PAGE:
(CN) – The European human rights court struck down a Portuguese law that automatically convicts those who publish court documents.
In a 1999 television news report for the Portuguese media company Sociedade Independente de Comunicação, a legal correspondent showed a faxed copy of an indictment charging a police director with leaking information on an accounting case.
In 2006, the Portuguese court convicted Lisbon television journalist Sofia Pinto Coelho of breaking the law by publicizing legal documents before a judgment had been passed.
Coelho was fined 400 euros (about $580), and Portuguese courts denied her appeals.
She brought a complaint to the European Court of Human Rights, based in Strasbourg, France, in 2008.
The human rights court said Portugal had violated Article 10 of the European Convention on Human Rights – the right to freedom of expression.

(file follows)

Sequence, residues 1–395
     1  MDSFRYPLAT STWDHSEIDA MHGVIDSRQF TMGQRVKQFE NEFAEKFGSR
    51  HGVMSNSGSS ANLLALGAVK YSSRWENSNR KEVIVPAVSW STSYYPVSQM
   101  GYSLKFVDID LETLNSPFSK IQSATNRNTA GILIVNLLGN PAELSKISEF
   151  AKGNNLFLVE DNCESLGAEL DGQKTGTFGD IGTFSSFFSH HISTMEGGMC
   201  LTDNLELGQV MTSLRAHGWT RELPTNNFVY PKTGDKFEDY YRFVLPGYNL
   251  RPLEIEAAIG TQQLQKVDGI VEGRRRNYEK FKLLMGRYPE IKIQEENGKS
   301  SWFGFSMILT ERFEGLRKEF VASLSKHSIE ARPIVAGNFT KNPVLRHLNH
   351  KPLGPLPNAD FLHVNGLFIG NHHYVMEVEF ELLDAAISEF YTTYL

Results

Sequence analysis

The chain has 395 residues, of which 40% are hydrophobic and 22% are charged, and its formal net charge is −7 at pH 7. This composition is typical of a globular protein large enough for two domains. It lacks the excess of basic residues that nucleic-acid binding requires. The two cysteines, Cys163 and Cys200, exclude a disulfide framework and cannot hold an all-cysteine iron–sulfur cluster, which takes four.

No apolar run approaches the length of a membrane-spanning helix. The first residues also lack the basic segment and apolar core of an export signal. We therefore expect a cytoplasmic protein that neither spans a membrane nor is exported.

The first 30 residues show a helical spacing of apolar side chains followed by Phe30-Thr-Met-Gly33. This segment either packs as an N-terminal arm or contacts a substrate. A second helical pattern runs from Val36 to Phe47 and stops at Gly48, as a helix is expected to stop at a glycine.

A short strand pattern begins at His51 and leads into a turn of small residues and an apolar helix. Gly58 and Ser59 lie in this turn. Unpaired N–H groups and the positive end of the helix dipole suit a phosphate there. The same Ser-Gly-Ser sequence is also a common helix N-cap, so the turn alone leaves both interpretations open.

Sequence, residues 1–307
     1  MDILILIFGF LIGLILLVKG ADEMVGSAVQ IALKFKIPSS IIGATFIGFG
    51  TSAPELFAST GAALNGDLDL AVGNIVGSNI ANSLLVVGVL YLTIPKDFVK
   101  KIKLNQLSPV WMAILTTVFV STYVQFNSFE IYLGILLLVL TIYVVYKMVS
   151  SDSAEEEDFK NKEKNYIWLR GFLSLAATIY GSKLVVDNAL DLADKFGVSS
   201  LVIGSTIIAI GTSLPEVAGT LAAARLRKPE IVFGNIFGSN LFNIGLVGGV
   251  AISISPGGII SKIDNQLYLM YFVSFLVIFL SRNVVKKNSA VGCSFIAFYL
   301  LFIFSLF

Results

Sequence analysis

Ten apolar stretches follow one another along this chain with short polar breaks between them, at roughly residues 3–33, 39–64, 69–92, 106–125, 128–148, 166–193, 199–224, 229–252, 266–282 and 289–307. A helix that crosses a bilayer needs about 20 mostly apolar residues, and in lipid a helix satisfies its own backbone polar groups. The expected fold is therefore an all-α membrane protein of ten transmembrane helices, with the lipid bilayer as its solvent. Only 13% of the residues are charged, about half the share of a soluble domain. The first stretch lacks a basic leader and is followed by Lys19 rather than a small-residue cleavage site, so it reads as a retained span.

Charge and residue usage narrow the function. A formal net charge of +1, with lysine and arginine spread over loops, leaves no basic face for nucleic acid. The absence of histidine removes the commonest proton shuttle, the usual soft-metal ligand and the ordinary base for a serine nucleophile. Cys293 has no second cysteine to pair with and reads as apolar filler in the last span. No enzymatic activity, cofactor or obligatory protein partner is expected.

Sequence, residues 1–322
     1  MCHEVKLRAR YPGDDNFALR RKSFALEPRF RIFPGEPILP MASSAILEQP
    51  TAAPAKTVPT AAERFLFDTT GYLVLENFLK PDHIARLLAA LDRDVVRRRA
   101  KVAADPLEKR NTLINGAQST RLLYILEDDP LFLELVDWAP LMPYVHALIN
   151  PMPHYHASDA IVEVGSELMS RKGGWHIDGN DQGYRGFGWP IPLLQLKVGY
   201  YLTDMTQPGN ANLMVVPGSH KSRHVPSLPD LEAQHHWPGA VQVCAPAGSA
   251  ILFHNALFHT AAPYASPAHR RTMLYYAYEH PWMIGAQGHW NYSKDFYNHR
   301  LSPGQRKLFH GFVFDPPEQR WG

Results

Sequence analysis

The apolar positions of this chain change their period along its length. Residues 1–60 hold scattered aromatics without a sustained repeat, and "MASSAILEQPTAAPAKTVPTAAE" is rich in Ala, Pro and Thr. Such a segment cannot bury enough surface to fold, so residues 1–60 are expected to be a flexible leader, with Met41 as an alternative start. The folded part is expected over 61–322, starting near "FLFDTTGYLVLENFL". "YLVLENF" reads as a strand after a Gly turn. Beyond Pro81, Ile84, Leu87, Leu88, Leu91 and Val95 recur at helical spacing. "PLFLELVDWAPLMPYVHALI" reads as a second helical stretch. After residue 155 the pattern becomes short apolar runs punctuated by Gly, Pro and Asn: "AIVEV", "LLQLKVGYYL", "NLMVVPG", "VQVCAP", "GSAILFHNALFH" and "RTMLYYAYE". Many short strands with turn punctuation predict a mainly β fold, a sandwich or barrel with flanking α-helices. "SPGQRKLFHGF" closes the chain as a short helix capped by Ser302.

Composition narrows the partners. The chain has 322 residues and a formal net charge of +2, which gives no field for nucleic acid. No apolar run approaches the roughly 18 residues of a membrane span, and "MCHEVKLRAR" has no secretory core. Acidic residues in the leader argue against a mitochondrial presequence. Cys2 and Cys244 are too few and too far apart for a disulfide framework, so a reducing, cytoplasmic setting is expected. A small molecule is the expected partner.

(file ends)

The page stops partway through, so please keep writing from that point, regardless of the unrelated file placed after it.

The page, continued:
The court pointed out that the press serves a public interest function, although it may not overstep certain bounds, including the right to a fair trial.
But the eight-judge chamber also noted that there was a clear public interest here, the “right of scrutiny,” and that domestic courts had not balanced Coelho’s conviction with this right.
The authorities had failed to make their case, the court said, adding that any law involving such an automatic conviction was likely to be considered incompatible with the freedom of expression that democratic society needs.
The court ordered Portugal to pay Coelho 10 times the amount of her fine, or around 4,000 euros ($5,860).